First published 7th May 2015. With kind permission from Classical Music magazine.
As he leaves the piano to try his hand at the hurdy-gurdy at this year’s Vale of Glamorgan Festival, Robin Green chronicles a pianist’s journey back to square one.
In these days of extreme musical compartmentalisation, musicians are encouraged to specialise. However, I have always been inquisitive by nature and searched for as much experience as possible from all paths of music. So when I was asked by composer John Metcalf to learn the hurdy-gurdy as part of this year’s Vale of Glamorgan festival, of course I couldn’t say no!
Besides the piano, I have played many different instruments in concerts, including the clarinet, oboe, wood block, radio, celeste, African thumb piano and the Royal Albert Hall organ. But the hurdy-gurdy is a step in a different direction.
My first encounter with this special instrument was ‘Der Leiermann’, the haunting final song of Schubert’s Wintereisse. It describes a hurdy-gurdy man, cranking his instrument with frozen fingers. His begging bowl is always empty, no one listens to his music, but his playing never stops. The protagonist asks, ‘Strange old man. Shall I come with you? Will you play your hurdy-gurdy to accompany my songs?’
Well known in many European countries from Spain to Ukraine, the hurdy-gurdy has been variously associated with beggars and royalty during its career. In the 17th century, it was common to depict the instrument in the hands of vagabonds and beggars – the blind beggar in particular. Perhaps this is how it got its English name; hurdy-gurdy means ‘diabolical racket’, a noise that the hurdy-gurdy can make with ease. In 18th-century France, it was fashionable for the rich to have elaborately decorated instruments made. It nearly died out completely in the early 20th century, victim to the industrial revolution and world war one, but thanks to a small number of die-hards, mostly in France, the secrets of the makers and the tradition of its playing are now safe.
The task ahead is a performance of Spinning a Yarn by the Bulgarian composer Dobrinka Tabakova. I will perform this alongside the violinist Sara Trickey at this year’s Vale of Glamorgan festival on 14 May. At first glance, the piece looks beautiful and simple. A playful improvised melodic line with rhythmic inflections floats above a drone of a repeated ostinato D. The piece is in 3/4 with the drone inflections on the first and third beat each bar.
Tabakova writes: ‘Spinning a yarn, also an expression meaning to tell an elaborate story, grew quite physically from the nature of playing the hurdy-gurdy. The turning of the wooden wheel brought images of a spindle and spinning wheel and the fantastical world of the Brothers Grimm tales.’
My guide is the wonderfully warm and passionate hurdy-gurdy expert Chris Allen. One crisp winter morning, I visited Chris at his house in Wales for my first lesson. I was greeted with a huge smile and generous enthusiasm. ‘You are crazy,’ he said, ‘but I like that,’ enthusiastically starting to unravel the mysteries of the instrument.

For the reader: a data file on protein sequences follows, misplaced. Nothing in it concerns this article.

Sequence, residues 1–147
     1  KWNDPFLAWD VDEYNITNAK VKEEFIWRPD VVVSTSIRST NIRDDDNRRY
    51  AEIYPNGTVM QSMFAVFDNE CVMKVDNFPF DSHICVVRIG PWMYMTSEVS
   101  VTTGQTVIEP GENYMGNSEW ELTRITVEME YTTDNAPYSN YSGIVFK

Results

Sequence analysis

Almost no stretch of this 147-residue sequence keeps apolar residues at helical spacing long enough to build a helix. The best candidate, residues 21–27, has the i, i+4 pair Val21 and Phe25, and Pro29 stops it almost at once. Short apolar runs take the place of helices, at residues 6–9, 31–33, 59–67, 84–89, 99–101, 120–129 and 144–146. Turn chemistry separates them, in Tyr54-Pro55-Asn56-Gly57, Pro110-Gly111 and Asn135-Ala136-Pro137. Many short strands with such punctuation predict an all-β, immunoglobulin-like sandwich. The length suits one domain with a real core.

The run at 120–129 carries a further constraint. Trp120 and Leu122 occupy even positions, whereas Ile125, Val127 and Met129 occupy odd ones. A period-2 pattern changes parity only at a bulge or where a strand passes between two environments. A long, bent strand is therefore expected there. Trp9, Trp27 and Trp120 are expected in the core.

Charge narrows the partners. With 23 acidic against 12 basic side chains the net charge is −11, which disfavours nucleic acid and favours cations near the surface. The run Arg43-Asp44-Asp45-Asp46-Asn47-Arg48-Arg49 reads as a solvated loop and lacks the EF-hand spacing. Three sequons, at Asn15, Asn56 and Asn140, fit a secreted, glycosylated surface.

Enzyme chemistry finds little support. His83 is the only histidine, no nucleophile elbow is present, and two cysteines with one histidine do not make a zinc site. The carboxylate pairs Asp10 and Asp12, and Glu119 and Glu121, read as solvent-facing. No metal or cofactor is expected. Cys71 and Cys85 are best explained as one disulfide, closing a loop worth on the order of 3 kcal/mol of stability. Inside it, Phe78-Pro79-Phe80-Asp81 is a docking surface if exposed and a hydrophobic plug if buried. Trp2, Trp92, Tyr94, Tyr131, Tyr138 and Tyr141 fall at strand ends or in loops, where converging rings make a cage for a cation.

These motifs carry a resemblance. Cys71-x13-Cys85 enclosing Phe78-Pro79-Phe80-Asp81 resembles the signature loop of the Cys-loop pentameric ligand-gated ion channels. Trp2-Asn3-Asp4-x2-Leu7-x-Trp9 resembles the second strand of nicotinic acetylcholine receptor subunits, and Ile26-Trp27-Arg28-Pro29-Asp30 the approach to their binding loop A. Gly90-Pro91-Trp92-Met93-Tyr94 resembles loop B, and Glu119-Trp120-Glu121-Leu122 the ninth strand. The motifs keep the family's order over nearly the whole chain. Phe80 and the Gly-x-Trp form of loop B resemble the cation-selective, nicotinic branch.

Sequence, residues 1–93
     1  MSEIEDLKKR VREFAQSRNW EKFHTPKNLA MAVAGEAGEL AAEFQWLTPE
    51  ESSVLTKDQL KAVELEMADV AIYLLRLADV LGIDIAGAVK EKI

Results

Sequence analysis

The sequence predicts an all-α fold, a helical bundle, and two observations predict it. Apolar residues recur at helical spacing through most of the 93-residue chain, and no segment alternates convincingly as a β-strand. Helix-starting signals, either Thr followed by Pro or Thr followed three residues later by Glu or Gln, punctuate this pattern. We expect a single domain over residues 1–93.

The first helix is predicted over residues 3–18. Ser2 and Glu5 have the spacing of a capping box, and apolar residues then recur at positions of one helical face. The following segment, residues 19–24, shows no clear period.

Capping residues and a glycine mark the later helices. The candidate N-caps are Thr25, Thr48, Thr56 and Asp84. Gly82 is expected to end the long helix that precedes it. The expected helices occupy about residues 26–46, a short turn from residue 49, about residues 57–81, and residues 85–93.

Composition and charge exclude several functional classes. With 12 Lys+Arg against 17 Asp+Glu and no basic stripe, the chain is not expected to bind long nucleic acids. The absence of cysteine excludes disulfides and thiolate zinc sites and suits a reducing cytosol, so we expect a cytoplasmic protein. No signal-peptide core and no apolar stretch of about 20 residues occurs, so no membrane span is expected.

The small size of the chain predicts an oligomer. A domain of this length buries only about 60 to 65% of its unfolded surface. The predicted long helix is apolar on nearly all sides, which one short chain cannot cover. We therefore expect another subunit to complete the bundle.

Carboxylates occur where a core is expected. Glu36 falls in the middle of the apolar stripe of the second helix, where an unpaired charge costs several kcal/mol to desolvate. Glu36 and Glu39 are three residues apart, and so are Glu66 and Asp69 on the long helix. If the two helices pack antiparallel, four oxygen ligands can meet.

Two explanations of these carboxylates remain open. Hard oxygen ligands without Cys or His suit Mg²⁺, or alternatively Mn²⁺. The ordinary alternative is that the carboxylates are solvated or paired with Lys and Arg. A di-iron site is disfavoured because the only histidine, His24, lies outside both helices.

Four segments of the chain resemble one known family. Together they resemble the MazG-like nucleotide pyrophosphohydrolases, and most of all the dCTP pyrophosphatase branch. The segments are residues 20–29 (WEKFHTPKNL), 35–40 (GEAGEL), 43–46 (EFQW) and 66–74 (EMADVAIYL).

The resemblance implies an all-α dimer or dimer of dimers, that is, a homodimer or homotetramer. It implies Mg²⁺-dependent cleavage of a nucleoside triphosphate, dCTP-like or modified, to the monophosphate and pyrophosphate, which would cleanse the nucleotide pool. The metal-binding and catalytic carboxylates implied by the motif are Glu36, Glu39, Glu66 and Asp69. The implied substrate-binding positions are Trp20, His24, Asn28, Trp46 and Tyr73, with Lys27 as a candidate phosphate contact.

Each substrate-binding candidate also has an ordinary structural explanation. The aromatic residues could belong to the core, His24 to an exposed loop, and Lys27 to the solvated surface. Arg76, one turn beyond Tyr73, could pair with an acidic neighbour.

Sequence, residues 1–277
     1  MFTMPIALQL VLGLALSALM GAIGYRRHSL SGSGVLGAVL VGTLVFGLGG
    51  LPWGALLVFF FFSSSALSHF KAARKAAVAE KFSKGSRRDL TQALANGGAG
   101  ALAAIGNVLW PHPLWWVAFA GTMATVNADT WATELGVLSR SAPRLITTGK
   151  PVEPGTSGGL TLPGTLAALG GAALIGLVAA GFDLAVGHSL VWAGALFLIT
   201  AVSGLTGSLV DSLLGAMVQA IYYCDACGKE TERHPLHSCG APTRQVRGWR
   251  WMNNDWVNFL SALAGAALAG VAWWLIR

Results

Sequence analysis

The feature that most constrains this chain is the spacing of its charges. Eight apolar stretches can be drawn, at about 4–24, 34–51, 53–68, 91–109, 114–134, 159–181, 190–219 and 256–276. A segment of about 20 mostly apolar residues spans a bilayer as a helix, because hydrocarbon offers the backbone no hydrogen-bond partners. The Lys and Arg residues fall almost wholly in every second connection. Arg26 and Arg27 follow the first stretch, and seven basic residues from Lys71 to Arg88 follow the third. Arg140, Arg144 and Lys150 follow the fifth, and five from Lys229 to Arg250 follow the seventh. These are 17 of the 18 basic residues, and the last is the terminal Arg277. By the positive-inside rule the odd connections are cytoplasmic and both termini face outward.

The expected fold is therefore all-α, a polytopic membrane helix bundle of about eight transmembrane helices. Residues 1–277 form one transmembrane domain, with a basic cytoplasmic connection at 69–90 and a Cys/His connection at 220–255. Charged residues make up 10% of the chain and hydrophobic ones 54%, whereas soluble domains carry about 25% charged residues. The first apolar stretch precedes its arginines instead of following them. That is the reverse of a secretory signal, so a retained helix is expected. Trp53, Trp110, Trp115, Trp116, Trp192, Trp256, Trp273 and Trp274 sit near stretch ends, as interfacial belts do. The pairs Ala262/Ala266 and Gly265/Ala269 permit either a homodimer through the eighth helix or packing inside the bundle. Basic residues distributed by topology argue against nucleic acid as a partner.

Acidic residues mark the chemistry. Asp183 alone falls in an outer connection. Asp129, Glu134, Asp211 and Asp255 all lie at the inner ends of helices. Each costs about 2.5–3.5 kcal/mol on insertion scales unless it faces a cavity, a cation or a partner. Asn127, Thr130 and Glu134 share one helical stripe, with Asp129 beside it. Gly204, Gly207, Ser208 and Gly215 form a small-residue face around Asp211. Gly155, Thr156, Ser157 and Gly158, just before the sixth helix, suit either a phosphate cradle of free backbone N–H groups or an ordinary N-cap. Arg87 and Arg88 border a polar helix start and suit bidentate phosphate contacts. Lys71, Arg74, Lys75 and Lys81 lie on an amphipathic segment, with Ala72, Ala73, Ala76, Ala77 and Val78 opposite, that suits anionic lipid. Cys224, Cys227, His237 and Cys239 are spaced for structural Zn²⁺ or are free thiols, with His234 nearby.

The hurdy-gurdy could be described as a mechanical fiddle. The ‘bow’ is a polished and rosined wheel; turned by handle, which can bow several strings simultaneously. It is fitted into an acoustic body, usually of lute or guitar shape, but in place of a neck is a key-box.
The instrument is similar to bagpipes, in that a drone accompanies a melody. As described by Allen, ‘There is no competition between hurdy-gurdy players and bagpipers, as not spitting through bits of grass into a sheep’s bladder rather sets it apart’.
Something else that sets the hurdy-gurdy apart is the built-in drum called the trompette. The phenomenon of a vibrating loose bridge is put to work, so that by turning the wheel a little faster, it over excites the string. The vibrating bridge, called the dog, makes a zipping noise that can be controlled to be short like a clap, or long depending on the musical context.
I placed it on my lap and started to rotate the wheel. The sound is remarkable, with a warm deep tone. The resonance of the instrument vibrates though my entire body. As a pianist, I am essentially pressing keys to make beautiful sounds, but with this string instrument, I have a more immediate connection with the sound. I have always wanted to learn a string instrument, this is as close as I have come. Next, coordination of the hands.
The right hand is responsible for turning the wheel in a controlled constant motion.
This looks easy, but to get a constant sound requires constant control, much like the foot-pumped harmonium. To articulate the first and third beats of the drone, I have to momentarily accelerate the wheel with a nudge of fingers and wrist. This is known as a coup. For Tabakova’s piece, I am making three revolutions of the wheel per bar, one per beat. Beats one and three are geographically in the same place; around 3 o’clock on a rotation.
In the lesson I would often apply too much movement in the upper arm, a familiar problem from my piano student days. Practice awaits!
The left hand must play the keys firmly and unapologetically, like a celeste. But the keys are not visible, as I must wrap my hand around the key-box. Another counter-intuitive issue is that the keys are in different positions from the piano. All the chromatic notes exist, but in a different order. This means I must learn the left hand from memory.
What a pleasure it is to start from square one again. As musicians, we are constantly mastering and perfecting our principal instrument to the umpteenth degree. To learn a new skill as specialised as the hurdy-gurdy is exhilarating.